Carter v. Georgia

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Justia Opinion Summary

Cameron Carter was convicted by jury of malice murder of Ashey Garry and other offenses. Carter claims on appeal that he received ineffective assistance of trial counsel. Specifically, Carter argued that, although his trial counsel raised objections to the admission of what he characterized as three juvenile court disposition orders, she “failed to object as to the specific form and content of the dispositions,” thereby allowing the jury improper access to the details of Carter’s sentencing. Carter contended his counsel was deficient because the sentencing information in the three exhibits was not admissible, and he was prejudiced because, as to Exhibit 64, the disposition order showed that the juvenile court determined that he should be detained “to protect the person or property of other[s] or the child,” and Exhibits 68 and 70 showed that he was sentenced to serve significant time on probation and had been ordered to pay numerous fines. The Georgia Supreme Court found that Carter could not carry his burden of showing "a reasonable probability that, but for counsel’s unprofessional errors, the result of the proceeding would have been different. . . . Although circumstantial, the evidence of Carter’s guilt was strong." Therefore, the Supreme Court concluded the trial court did not err in denying his claim of ineffective assistance of counsel.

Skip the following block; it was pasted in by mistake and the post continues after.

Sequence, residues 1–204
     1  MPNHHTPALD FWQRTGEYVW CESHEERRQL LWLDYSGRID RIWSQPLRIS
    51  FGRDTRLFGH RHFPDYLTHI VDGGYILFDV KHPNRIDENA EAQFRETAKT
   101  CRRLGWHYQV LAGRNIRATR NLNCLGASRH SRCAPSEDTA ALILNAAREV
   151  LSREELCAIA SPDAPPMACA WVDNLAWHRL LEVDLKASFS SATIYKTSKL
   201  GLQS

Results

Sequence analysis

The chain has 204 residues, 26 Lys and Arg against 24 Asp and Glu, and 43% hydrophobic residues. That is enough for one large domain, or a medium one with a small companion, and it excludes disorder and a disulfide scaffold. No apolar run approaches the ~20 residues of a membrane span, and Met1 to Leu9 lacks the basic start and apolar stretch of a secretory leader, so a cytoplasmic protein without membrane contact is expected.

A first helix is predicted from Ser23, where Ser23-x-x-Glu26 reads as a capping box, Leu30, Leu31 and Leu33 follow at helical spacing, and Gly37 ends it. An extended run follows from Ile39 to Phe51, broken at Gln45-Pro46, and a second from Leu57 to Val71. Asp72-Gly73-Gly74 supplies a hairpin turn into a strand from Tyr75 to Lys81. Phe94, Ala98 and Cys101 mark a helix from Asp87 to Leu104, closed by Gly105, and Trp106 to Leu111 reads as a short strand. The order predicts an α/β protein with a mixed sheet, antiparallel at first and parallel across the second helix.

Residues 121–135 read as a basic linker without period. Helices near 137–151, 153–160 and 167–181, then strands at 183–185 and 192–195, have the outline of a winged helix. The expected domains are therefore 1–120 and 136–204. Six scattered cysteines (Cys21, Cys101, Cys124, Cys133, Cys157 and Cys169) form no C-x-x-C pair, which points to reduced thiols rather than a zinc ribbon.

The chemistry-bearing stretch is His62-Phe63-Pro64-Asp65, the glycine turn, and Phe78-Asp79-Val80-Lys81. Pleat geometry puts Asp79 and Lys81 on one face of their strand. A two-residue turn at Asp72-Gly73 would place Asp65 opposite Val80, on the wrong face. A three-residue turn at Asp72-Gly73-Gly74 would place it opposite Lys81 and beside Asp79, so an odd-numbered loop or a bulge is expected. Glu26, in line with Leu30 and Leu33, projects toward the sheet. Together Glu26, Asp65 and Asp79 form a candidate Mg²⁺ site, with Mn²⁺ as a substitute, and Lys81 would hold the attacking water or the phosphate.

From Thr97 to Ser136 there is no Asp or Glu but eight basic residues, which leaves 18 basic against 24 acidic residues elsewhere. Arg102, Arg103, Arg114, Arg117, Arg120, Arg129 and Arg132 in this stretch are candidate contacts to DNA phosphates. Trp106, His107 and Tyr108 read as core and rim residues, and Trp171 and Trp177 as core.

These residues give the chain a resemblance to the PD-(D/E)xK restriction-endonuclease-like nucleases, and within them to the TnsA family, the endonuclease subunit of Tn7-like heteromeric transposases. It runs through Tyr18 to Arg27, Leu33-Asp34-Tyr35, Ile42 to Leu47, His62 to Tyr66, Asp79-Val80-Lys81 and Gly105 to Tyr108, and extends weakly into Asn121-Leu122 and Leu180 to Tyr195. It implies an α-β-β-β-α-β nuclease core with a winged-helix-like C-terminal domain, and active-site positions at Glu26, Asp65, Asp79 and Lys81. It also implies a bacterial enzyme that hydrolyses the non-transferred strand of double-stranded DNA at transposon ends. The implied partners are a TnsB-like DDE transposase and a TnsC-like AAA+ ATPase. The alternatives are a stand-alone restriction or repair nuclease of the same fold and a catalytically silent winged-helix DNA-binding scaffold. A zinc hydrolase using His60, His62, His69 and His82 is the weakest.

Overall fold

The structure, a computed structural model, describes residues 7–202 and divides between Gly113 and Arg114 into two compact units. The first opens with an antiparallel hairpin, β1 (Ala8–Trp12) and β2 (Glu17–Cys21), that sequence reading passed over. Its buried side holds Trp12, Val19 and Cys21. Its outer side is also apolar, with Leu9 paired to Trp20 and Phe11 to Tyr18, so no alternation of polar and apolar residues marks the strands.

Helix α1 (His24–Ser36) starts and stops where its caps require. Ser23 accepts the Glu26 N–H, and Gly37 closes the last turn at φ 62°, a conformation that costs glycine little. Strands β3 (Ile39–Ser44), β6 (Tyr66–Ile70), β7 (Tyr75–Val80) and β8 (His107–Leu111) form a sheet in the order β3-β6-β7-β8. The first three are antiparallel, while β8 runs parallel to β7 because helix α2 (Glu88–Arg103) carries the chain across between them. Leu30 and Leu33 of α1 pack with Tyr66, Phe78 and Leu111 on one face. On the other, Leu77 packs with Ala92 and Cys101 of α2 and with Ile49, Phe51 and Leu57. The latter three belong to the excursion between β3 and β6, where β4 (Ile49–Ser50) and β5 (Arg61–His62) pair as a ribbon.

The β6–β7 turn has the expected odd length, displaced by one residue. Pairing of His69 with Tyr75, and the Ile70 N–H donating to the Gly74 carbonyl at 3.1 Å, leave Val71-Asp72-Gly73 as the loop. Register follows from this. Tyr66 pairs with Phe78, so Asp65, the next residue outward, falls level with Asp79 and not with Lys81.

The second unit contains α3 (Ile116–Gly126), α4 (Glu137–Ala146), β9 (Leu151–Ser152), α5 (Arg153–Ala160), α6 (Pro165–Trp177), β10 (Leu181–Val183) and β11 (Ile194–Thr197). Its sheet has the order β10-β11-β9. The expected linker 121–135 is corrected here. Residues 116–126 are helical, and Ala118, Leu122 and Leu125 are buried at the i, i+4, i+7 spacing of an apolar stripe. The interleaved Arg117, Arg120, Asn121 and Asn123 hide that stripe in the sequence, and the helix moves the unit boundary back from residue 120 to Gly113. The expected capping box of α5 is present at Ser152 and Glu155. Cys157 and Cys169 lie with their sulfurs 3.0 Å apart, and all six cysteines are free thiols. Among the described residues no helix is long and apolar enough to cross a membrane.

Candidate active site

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In the Supreme Court of Georgia Decided: May 20, 2019 S19A0440. CARTER v. THE STATE. ELLINGTON, Justice. Following a jury trial, Cameron Taboris Carter was found guilty of the malice murder of Ashley Garry and other offenses. 1 Garry was killed late in the evening of September 6, or the early morning of September 7, 2014. On February 16, 2015, a Crisp County grand jury indicted Carter for malice murder, felony murder, aggravated assault, home invasion, burglary, possession of a firearm during the commission of a felony, and possession of a firearm by a convicted felon. The count of possession of a firearm by a convicted felon was nolle prossed. Following a November 1619, 2015 trial, the jury found Carter not guilty of burglary but guilty of the remaining counts. The trial court sentenced Carter on November 19, 2015, to consecutive sentences of life imprisonment for malice murder, life imprisonment for home invasion, and five years’ imprisonment for possession of a firearm during the commission of a felony. The felony murder count was vacated by operation of law, although the sentencing order stated that it merged into the malice murder count. The count of aggravated assault merged into the count of malice murder. Carter filed a motion for new trial on November 24, 2015, which he amended on June 21, 2017. Following a January 31, 2018 hearing, the trial court denied the motion on February 9, 2018. The trial court granted Carter’s motion for out-of-time appeal on August 27, 2018. Carter then filed a notice of appeal within the time allowed, and this case was docketed in this Court for the term beginning in December 2018 and submitted for decision on the briefs. 1 Carter claims on appeal that he received ineffective assistance of trial counsel. We affirm for the reasons set forth below. Viewed in a light most favorable to the jury’s verdict, the evidence shows the following. Garry was last seen alive sometime after 9:30 p.m. on September 6, 2014, by her young son, when the boy’s grandparents picked him up from Garry’s residence off of 10th Street in Cordele for an overnight visit. The next day, a co-worker was concerned that Garry had not reported to work that morning and was not responding to phone calls. After the co-worker’s shift, she went to Garry’s residence around 4:00 p.m., where she knocked and called out Garry’s name with no response. After walking around to the other side of the home, she saw a door with a damaged frame and a bent dead bolt sticking out. She called 911. Responding officers found Garry inside, dead. She was slumped face down in the doorway to her bedroom, with her legs tucked under her body, still clothed in her work uniform and with her car keys in her hand. An autopsy showed that Garry was shot in the center of the top of her head. The bullet traveled straight down and lodged in 2 the brain stem, causing immediate death. The path of the bullet and the position of the body were consistent with Garry having been shot by someone standing over her while she knelt. Garry’s television and some of her son’s shoes had been stolen. Eric Hunt testified at trial that on September 6, 2014, he lived near Carter in Cordele, and that he and Carter had been friends for a few months. During that time, Carter regularly carried a small, black .380 handgun. On the night of Garry’s murder, Carter was at Hunt’s residence until around 9:30 or 10:00 p.m., when they left the apartment. Hunt, who was walking to Pateville to see his girlfriend, parted ways with Carter on 10th Street near Garry’s home. Carter had his pistol. After Hunt arrived at his girlfriend’s house, he received a phone call from Carter’s sister at approximately 1:00 a.m. Hunt told her that he had not seen her brother since they split up. She called Hunt again at approximately 4:00 a.m., and then between 5:30 a.m. and 6:00 a.m., and Hunt told her that he still had not heard from or seen Carter. On November 11, 2014, Quatanna Shennett returned to the 3 apartment she shared with Shaquille Loving in Hawkinsville and saw a man inside whom she did not know. She walked back outside and called 911, and then saw the man leave the apartment carrying three pairs of Loving’s shoes. He threw the shoes at her when she confronted him and then ran into a nearby apartment. Later that morning, as responding officers searched the area, they found Carter trying to break into another apartment in the same complex and arrested him. He had four items that belonged to Loving: his wallet, his .40-caliber Glock pistol, and two loaded magazines. Carter was also carrying a .380 Jiminez pistol in his front left pocket. A ballistics report matched the bullet recovered from Garry’s body to the .380 Jiminez pistol Carter was carrying when he was arrested. When questioned by a GBI agent, Carter gave conflicting explanations for his possession of the Jiminez pistol. First, he maintained that he stole the weapon from the same residence from which he stole the Glock handgun; next, Carter told the agent that he got the gun from someone named Sequoia Armstrong; he then said that he got the gun from “Shake,” identified by the agent as Sir 4 Gabriel Patrick; he finally claimed that the weapon came from a fourth source, “Chavers.” At trial, Reasha Smith testified that she was Carter’s girlfriend in late 2014. In October 2014, Carter moved in with her in her Hawkinsville apartment, which was next door to Loving and Shennett’s apartment. On November 10, the night before Carter was arrested for burglary, Carter accused Smith of cheating on him. During their argument, he told her, “I know you’re lying . . . I will kill you; it’s not like I ain’t got away with it before.” 1. In accordance with this Court's standard practice in appeals of murder cases, we have reviewed the record and find that the evidence was sufficient to enable a rational trier of fact to find Carter guilty beyond a reasonable doubt of the crimes for which he was convicted. See Jackson v. Virginia, 443 U. S. 307 (99 SCt 2781, 61 LE2d 560) (1979). 2. Carter claims that the trial court erred in rejecting his ineffective assistance of counsel claim based on his trial counsel’s failure to object on three separate occasions to the admission of the 5 sentencing portion of entire and unredacted dispositions from cases involving him as a juvenile, as violations of OCGA § 24-4-404. To prove ineffective assistance, Carter must show both that his counsel’s performance was professionally deficient and that, but for the unprofessional performance, there is a reasonable probability that the outcome of the proceeding would have been different. See Strickland v. Washington, 466 U. S. 668, 687, 694 (104 SCt 2052, 80 LE2d 674) (1984). We need not review both parts of this test if Carter fails to prove one of them. See Stripling v. State, 304 Ga. 131, 138 (3) (b) (816 SE2d 663) (2018). At trial, S. J. testified about an incident in July 2006, in which she saw someone looking in her window and then heard someone trying to open her door. When the State tendered State’s Exhibit 64, a certified copy of the juvenile court disposition showing that Carter, then 16 years old, was adjudicated delinquent for acts that would have constituted the offense of being a “peeping Tom,” 2 defense counsel objected on the grounds that the exhibit constituted an 2 See OCGA § 16-11-61. 6 inadmissible juvenile disposition, was improper character evidence, and was not relevant. The trial court admitted State’s Exhibit 64. R. F. testified about an incident on March 3, 2007, in which she was sitting in her car outside her home when a man approached the car and tried to get in and then stood nearby and masturbated. When the State tendered State’s Exhibit 70, a certified copy of Carter’s guilty plea in superior court on charges of “peeping Tom” and public indecency arising from that incident, defense counsel objected on the grounds that the exhibit was irrelevant and constituted improper character evidence. The trial court admitted State’s Exhibit 70. C. O. testified that, on December 4, 2007, someone knocked on her door and, when she refused to open the door, knocked on her window. She looked out the window and saw a man holding his penis and masturbating. When the State tendered State’s Exhibit 68, a certified copy of Carter’s guilty plea in superior court on charges of “peeping Tom” and public indecency arising from that incident, defense counsel objected on the grounds that the exhibit 7 was irrelevant and constituted improper character evidence. The trial court admitted State’s Exhibit 68. Carter argues that, although his trial counsel raised objections to the admission of what he characterizes as three juvenile court disposition orders, she “failed to object as to the specific form and content of the dispositions,” thereby allowing the jury improper access to the details of Carter’s sentencing. Carter contends that his counsel was deficient because the sentencing information in the three exhibits was not admissible, and he was prejudiced because, as to Exhibit 64, the disposition order showed that the juvenile court determined that he should be detained “to protect the person or property of other[s] or the child,” and Exhibits 68 and 70 showed that he was sentenced to serve significant time on probation and had been ordered to pay numerous fines. 3 Pretermitting whether his trial counsel was deficient as Carter does not enumerate as error the admission of S. J.’s, R. F.’s, or C. O.’s testimony, the similar testimony of other witnesses, or the admission of the juvenile adjudication and two criminal convictions. Accordingly, we do not address those issues and express no opinion thereon. 3 8 alleged, Carter cannot carry his burden of showing “a reasonable probability that, but for counsel’s unprofessional errors, the result of the proceeding would have been different. A reasonable probability is a probability sufficient to undermine confidence in the outcome.” Strickland, 466 U. S. at 694. In assessing whether Carter has satisfied this prejudice standard, “we review the record de novo. In doing so, we weigh the evidence as we would expect reasonable jurors to have done so[.]” Woodard v. State, 296 Ga. 803, 810 n. 5 (771 SE2d 362) (2015) (citation and punctuation omitted). Accord Kennebrew v. State, 299 Ga. 864, 873-874 (2) (b) (792 SE2d 695) (2016). Although circumstantial, the evidence of Carter’s guilt was strong. The unrebutted evidence shows that Carter was in possession of the murder weapon when he was arrested for another burglary approximately two months after Garry was killed. He then gave multiple contradicting accounts of how he came into possession of the weapon. Other evidence placed Carter in the vicinity of Garry’s home the evening before her body was discovered, carrying 9 a .380 pistol, the same type of gun used to shoot Garry. Exhibits 68 and 70, notwithstanding Carter’s characterization, are not dispositions of a juvenile court, but convictions rendered in a superior court. 4 The sentencing information in the two judgments of conviction and in the juvenile court disposition, while not redacted, was not highlighted to the jury through testimony or by the State’s argument. When considered in light of all the evidence, that the judgments of convictions showed that Carter had been sentenced to probation and ordered to pay numerous fines, and that the disposition order stated that his detention was necessary for the protection of others, was not reasonably likely to have affected the verdict. See Matthews v. State, 294 Ga. 50, 51 (2) (751 SE2d 78) (2013) (it was highly unlikely that admission of a sentencing order in appellant’s prior conviction contributed to the jury’s verdict); De’Mon v. State, 262 Ga. App. 10, 15 (4) (584 SE2d 639) (2003) (failure to redact sentencing information from certified copy of The acts charged in Exhibit 68 occurred in December 2007, when Carter was 18 years old. The acts charged in Exhibit 70 occurred in March 2007, when he was 17 years old. 4 10 appellant’s prior conviction was not harmful). Compare Higgins v. State, 304 Ga. App. 771, 771-773 (1) (698 SE2d 335) (2010) (where appellant was on trial for rape, trial counsel was ineffective in failing to object to the admission of a juvenile disposition order where the sentence was not redacted in that, among other things, the State had a police investigator read aloud to the jury the paragraph from that order regarding “the need for protection of the community,” and evidence was introduced that the sexual encounter giving rise to the rape charge may have been consensual). We find, therefore, that Carter cannot establish that, but for his counsel’s alleged unprofessional performance, there is a reasonable probability that the outcome of the proceeding would have been different. The trial court did not err in denying his claim of ineffective assistance of counsel. Judgment affirmed. All the Justices concur. 11